PSD Principles for Mentorship

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The primary goal of the PhD degree is to train students to become independent researchers. The PhD degree is thus structured as an apprenticeship, and the advisor-student relationship is central to it. This relationship can take many forms, but, to be successful, both the advisor and the student must cultivate it. A successful relationship will lead to a shared sense of responsibility for the research pursued by the student and advisor, providing a foundation for making discoveries during the course of their work together and for their continued growth afterward.

Being at the University of Chicago is a privilege for both students and faculty members. It is a privilege for students in that they are supported to pursue their research passions, have access to top-tier and, in some cases, truly unique resources, and get to work with world leaders in their fields, as well as with peers who will be the next generation of world leaders. Faculty members benefit from access to an elite group of students from around the world. As leaders of their research groups, mentors to their advisees, and colleagues of each other, they are stewards of this exceptional environment.

This document seeks to define a framework for thinking about the advisor-student relationship in the Physical Sciences Division (PSD) and how to make it successful. One of the most important elements of any relationship is clear communication of expectations. Section 1 seeks to provide guiding principles for faculty members and graduate students as they approach mentoring relationships and, more generally, shaping the research environment. These principles must be translated to specific policies, and Section 2 provides questions that faculty members and students can use to structure their thinking about their goals, as well as a template for establishing shared responsibility through conversations about research expectations.

1 Guiding Principles

There is no single right way to structure an advisor-student relationship; different projects demand different approaches, and these approaches will be further informed by research styles and experiences. Nevertheless, one can define a framework for formulating expectations based on basic principles of respect for others and promotion of the long-term interests of the University community.

Creating a healthy research environment

  • A healthy research environment is strongly motivating, which in turn promotes productivity and innovation.
  • Faculty members and students should model not only dedication to research and scientific excellence but professionalism and respect for others. Care should be taken to treat others equitably, regardless of their roles, personal circumstances, research achievements, or career goals. Faculty members should lead by example.
  • Physical presence in the office or laboratory promotes interactions that are the foundation for developing a collaborative atmosphere that brings together diverse perspectives in ways that are mutually beneficial for everyone’s learning and advancement.
  • While it is not possible to separate research, training, and service, advisors should be mindful of how activities support the student’s development. Students should understand that advisor-student relationships take place within the contexts of faculty members’ commitments to other students, their ongoing research projects, and the broader community. Being mindful of each other’s perspectives and commitments is essential for creating strong working relationships.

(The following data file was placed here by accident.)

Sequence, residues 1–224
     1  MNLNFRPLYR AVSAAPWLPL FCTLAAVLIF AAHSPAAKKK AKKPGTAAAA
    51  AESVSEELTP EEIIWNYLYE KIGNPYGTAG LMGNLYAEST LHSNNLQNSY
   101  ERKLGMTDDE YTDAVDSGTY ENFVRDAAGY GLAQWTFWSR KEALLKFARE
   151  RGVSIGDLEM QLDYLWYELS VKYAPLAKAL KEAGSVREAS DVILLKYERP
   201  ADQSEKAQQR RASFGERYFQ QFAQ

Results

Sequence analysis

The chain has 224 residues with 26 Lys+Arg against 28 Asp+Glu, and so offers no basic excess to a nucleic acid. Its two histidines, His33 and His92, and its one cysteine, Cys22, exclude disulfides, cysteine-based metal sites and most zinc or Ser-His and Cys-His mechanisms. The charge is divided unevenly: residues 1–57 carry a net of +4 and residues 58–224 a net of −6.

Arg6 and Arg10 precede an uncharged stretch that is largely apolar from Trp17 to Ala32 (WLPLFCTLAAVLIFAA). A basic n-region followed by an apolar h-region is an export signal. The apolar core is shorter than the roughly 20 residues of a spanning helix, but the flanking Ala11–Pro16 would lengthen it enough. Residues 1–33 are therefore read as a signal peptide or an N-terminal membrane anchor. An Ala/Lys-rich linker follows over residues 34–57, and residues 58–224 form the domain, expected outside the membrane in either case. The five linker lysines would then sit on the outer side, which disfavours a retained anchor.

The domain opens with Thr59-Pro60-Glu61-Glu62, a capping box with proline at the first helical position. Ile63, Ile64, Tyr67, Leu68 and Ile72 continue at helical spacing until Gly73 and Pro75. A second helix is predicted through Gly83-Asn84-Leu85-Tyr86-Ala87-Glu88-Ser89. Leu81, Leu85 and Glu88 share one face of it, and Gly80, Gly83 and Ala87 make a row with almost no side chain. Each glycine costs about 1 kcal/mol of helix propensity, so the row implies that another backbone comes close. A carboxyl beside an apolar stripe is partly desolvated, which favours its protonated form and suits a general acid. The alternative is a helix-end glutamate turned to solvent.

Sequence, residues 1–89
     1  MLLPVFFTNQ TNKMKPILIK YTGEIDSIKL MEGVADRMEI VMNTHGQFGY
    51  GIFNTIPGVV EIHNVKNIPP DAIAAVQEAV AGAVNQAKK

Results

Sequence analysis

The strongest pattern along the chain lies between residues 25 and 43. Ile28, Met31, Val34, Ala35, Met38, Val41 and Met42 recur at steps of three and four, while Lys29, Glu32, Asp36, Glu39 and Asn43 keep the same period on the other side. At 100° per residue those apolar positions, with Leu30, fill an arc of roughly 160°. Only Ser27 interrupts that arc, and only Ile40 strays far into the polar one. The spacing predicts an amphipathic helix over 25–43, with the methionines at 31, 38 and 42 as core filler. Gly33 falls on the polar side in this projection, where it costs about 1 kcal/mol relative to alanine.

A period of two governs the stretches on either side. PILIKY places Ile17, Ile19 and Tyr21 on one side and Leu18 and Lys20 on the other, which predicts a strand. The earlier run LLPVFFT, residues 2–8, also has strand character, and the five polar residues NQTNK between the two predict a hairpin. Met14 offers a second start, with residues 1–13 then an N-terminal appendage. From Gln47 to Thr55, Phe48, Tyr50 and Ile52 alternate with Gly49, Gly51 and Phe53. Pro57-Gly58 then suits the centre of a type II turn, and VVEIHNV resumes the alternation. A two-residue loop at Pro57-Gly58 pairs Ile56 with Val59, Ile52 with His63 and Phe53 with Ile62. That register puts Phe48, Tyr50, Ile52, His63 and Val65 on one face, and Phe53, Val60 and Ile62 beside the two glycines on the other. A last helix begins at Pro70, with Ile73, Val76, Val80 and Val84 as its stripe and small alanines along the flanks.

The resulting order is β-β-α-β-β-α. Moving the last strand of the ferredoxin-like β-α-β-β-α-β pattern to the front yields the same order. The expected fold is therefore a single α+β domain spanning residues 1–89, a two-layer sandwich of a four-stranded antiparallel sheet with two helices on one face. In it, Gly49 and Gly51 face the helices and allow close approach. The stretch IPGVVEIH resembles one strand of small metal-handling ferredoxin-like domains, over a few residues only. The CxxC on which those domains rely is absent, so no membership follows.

• Even in the best of relationships, differences of opinion can arise. When they do, one should always strive to understand the other party’s perspective and clearly communicate one’s own. Both faculty members and students are encouraged to use departmental, Divisional, and University resources and support mechanisms as needed.

Using time effectively

  • Often faculty members and graduate students frame their discussions around research effort in terms of hours of research activity (or physical presence), but scientific progress is not simply about working a certain number of hours and there is no set amount of hours that constitutes a degree. This is not to say that there is no relation between time spent on research and its progress. Critical thinking and discovery benefit from concentrated effort. However, discussions need to be framed in terms of how best to advance the research and the student’s development into an independent researcher.

Establishing boundaries

  • Advisors should be mindful that students have diverse competing commitments and responsibilities and may view scheduled activities outside regular business hours as an undue imposition. While it is good to seek feedback about meeting times and deadlines, advisors must also be mindful of the fact that there is a power differential, and students may not vocalize concerns.
  • Faculty members should be cognizant that some graduate students’ values, goals, and priorities regarding work-life balance may be different than theirs were at the same career stage. Students should understand that faculty members’ guidance on how to achieve research excellence draws on their experience and knowledge of the field.
  • Advisors should establish a consistent policy about vacation and other time off. Students should be purposeful in how they use this time.
  • Flexibility on the parts of both advisors and students is important for enabling students to be responsive to the demands of a project.

2 Structuring conversations about advisor-student relationships